Surely a small town will be ahead of us, we think, where we can eat lunch and regain strength. But we see no towns. Actually we do not even see a single house. With grumbling stomachs, we open our pannier and inspect our food. It doesn't look too promising. Some more peanuts and one pack of instant noodles will have to suffice for lunch. Not the best planning on our part. But it is enough to get us going again. Five minutes later Sera's tire looses air and we stop to repair it. It is the tenth puncture he has on the trip as his Schwalbe tires are beginning to look frighteningly thin and worn. Soon after rain sets in and the dirt road becomes slippery. We continue in hope of a house with some food. Suddenly we hear a loud puff and Sera has another flat. He still has another spare tube and we quickly replace it to continue before it gets dark. Around a bend, we spot a small house and stop in front of it. Three young Tibetans are inside, huddled around a warm stove, looking at their smart phones. They invite us in, but immediately ignore us again to stare at their screens. After 15 minutes we get their attention and ask about the next town or store. Apparently the next town is 30km away, but there is a store in 16km. We decide to try our luck and leave the warmth of the room behind us. Five kilometers later, we pass our second pass for the day and start a relatively long descend. Its bumpy and slippery though, so our speed is mostly not faster than 15km/hour. And there is no store nor house in sight. It is getting late, but along this road, the mountain slopes are steep and pitching a tent is difficult to impossible. The next pass is only a few kilometers away, so we decide to head for it in hope of a good camping spot. We reach the third pass when night falls. Its a little lower than the previous ones, at 3840masl and it has a flat area for camping. Fortunately the rain stops and we eat our remaining food, oatmeal cereal with soy milk powder. Soon after we fall asleep with the sound of rain drizzling lightly on our tent.

 

 

 

The next morning, the rain becomes strong again, so we are in no hurry to get up. However, after 2 hours of rain, small droplets of water start to form on the inside of the tent and parts of my sleeping mat are very damp. Without breakfast, we start the last descend on the unpaved road, to a small village. 1,5 hours later we reach the town and raid the next shop. It has a restaurant next to it and we enjoy a warm noodle soup. We contemplate whether or not to continue to the next bigger town or just try to spend the night here. But as there is no guesthouse in this town and it is only 11 o'clock, we jump on our bicycles and continue. After all, we assume the road should be good from now on and mainly downhill. An easy ride, right? Well, as always, things don't turn out as we expect them to. After four painful hours of cycling, we reach the city of Xiang Cheng, where we fortunately find a nice hotel to relax.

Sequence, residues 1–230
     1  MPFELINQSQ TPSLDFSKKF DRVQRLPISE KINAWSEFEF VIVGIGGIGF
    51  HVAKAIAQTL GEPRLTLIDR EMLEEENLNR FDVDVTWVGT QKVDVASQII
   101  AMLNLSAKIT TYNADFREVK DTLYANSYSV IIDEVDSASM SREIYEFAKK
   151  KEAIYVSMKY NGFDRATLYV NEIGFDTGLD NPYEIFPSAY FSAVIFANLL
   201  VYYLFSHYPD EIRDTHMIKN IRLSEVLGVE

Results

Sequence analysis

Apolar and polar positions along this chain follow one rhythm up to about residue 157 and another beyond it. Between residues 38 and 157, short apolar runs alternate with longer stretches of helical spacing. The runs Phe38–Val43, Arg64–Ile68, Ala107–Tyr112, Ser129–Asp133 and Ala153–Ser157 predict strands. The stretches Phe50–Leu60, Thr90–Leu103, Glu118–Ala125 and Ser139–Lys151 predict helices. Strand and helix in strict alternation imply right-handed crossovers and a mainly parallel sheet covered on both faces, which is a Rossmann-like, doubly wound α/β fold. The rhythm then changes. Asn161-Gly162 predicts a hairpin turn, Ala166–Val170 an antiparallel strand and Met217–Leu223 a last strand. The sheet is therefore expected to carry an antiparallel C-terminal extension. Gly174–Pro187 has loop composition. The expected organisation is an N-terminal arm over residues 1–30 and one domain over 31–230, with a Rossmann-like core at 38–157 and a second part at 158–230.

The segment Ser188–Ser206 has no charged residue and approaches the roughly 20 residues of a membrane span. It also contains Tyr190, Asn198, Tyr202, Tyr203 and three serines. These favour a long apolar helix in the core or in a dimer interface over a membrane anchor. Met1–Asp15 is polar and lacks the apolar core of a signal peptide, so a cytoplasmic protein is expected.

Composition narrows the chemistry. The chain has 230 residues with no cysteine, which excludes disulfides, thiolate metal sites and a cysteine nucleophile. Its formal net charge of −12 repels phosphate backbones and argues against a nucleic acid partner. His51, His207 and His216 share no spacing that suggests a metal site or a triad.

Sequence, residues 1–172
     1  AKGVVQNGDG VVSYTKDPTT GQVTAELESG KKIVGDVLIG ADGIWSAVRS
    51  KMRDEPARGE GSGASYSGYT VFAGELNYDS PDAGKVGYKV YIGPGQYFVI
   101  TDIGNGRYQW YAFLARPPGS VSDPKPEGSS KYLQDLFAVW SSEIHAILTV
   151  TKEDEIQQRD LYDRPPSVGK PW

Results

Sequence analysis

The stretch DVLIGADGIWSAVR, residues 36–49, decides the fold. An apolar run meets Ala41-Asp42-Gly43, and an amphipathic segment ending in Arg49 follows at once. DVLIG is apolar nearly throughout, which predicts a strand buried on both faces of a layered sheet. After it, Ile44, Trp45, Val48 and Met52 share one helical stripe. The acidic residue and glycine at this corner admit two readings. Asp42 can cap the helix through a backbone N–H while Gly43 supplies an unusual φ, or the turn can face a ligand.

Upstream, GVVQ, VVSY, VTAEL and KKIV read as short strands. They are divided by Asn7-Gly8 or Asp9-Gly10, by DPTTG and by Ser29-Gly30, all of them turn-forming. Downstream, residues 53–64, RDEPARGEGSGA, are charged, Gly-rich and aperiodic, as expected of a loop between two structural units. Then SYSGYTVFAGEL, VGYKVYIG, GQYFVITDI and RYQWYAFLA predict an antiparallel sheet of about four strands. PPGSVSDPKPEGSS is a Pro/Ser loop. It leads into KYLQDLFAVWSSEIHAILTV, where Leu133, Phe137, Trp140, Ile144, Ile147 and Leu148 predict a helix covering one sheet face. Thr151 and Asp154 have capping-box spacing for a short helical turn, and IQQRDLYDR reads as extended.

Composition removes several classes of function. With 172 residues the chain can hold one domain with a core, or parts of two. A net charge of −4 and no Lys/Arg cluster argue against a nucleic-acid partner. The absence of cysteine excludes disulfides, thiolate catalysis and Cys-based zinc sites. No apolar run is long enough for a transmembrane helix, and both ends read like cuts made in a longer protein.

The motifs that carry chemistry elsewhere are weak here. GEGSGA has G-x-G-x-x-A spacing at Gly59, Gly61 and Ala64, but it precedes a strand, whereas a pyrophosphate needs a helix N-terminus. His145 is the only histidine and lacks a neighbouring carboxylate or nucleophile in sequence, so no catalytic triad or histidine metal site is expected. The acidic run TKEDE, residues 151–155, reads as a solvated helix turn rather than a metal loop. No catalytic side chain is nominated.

It is also the first time since Shangri-la that we have internet and we are eager to find out how the other cyclists are doing. They had left a little later than we did, and are now 30km behind us. Since we are still exhausted, we decide to wait for them, do some bicycle repairing and relax while watching the town life.

 

 

 

At 3 o'clock in the afternoon, the others arrive. To our surprise, the trio has turned into a quartet. Adam, a cyclist from England, joined up with the three shortly after Shangri-la. After sharing some experiences from the last few days, we cycle off together and pitch our tents 30km later along a river. We are now only at 2980masl and it's a lot warmer. Nevertheless, we try to get to bed relatively early, as the next day will be the hardest yet. The Kuluke pass lies in front of us. With 4708masl it's the highest pass on this stretch. The alarm rings at 7:00 AM and at 9:15 we are all packed and ready to go.

 

 

 

The road is undergoing construction in many places and even though its mainly paved, we do encounter many stretches with loose soil and rocks. The inclination is mostly not too steep, but our bodies are tired from the last few days. Progress is slow but steady, as the air becomes thinner and our legs more tired. It is mostly sunny, but the temperature is getting noticeably cooler. 5km before the pass, we spot a bearded vulture circling over us and marmots lure out of their dens.

 

 

 

The last stretch to the top becomes harder and harder as a strong wind blows into our faces and dark clouds hover over us. Exhausted, but extremely happy we reach the pass at 7:30pm.